ThemeConf, the mystery unraveled

Lets start here… to those looking to seed an awesome new conference, start with playbooks from the likes of the ThemeConf, PrestigeConf, and YoastCon organizers. They’re doing truly good, meaningful work.

What was [acf field=”event_name”] all about?

I just got back from spending time in Keswick (pronounced Kesik) this week and learned a ton about the future of WordPress theming. The venue was great, the town was something out of a fairytale, and the speakers were extraordinarily qualified (of course, you can catch the sessions from the livestream on the ThemeConf website).

The most important part of [acf field=”event_name”]

The most important part of the event though, was something that caused a bit of a hassle for anyone attempting a journey from anywhere other than the UK.

20150902116003Keswick sits deep within what Americans would call a National Forest. The area is so remote, it’s a 2-3 hr drive from any major city. It’s not exactly a town that was built for a conference, and that’s exactly why it’s the perfect place.

I wasn’t completely sold

I’ve got to admit, I was a bit hesitant to make the journey. If you know where I’ve been this year, you know that I’m no scaredy-cat when it comes to travel, but this particular location was difficult to get to for a right-lane-driver (I know, the train was a viable option, but still a bit of a haul). Even with the spectacular views from Walla Crag (post coming soon), and the natural beauty of the area (it really is spectacular), I wasn’t completely sold on the need to have the conference in that specific area. Jack and Tammie were adamant about it being important that ThemeConf was held in the area though (Jack happens to live in this wonderful town), and who am I to question such talent?

The beer that changed everything

It wasn’t until I got back to Manchester and had a beer with Michael Cropper (from the WordCamp Manchester organizing team) that things crystalized.

Keswick is a beautiful town because of its traditional beauty. Sure, there are plenty of new restaurants, pubs, and businesses, but there are also many traditional businesses. What I learned from Michael is that much of the high-tech communities are centered in London and Manchester. As you travel outside of those regions, high-tech communities decrease exponentially (especially to the North).

Spurring tech growth in the UK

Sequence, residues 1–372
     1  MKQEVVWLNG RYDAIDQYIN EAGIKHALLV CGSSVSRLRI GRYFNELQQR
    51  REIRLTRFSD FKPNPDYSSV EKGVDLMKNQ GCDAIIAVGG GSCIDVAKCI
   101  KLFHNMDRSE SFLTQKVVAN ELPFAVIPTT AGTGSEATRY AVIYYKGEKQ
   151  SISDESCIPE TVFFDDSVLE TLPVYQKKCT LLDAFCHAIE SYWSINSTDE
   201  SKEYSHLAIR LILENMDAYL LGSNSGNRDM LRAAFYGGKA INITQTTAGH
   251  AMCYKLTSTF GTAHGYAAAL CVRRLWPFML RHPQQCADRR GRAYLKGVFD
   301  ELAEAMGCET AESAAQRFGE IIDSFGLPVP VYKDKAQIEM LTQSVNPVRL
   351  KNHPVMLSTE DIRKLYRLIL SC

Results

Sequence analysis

The UK government understands that there’s a certain level of density and access to infrastructure that’s needed to grow tech populations, so they’ve attempted to help spur growth in the high-tech sector by creating projects like that to fund fiber around the country. But, growth can be stubborn at times, especially when it comes to Northbound propagation. Compounding the issue is the fact that many traditional business owners aren’t interested in being a part of the web. Specifically, many traditional business owners are apprehensive when it comes to trusting web developers.

Drawing attention to our craft

In short, the reason why ThemeConf needed to be, and should continue to be in the North, is because it draws attention to the web development craft— our livelihood– in a positive way. We were the ones spending money with traditional businesses and helping to support the local economy.

The communities in which we as web creators spend our time, energy, and money has a positive influence on our ability to sign new clients.

What we do as web professionals is meaningful to small business

Do you think small business owners talk? Yep. Will they talk about those ‘great web people that had a conference in Keswick’? You bet they will. For evidence of that, just ask a shopkeeper how they decided on a particular vendor. Word of mouth is paramount. We owe it to our craft & businesses that we serve to evangelize the benefits of the web.

Well done ThemeConf. Great event, and way to take a risk and be bold. Next year, hopefully the crew at ThemeConf will put on another event, and you too will make the pilgrimage.

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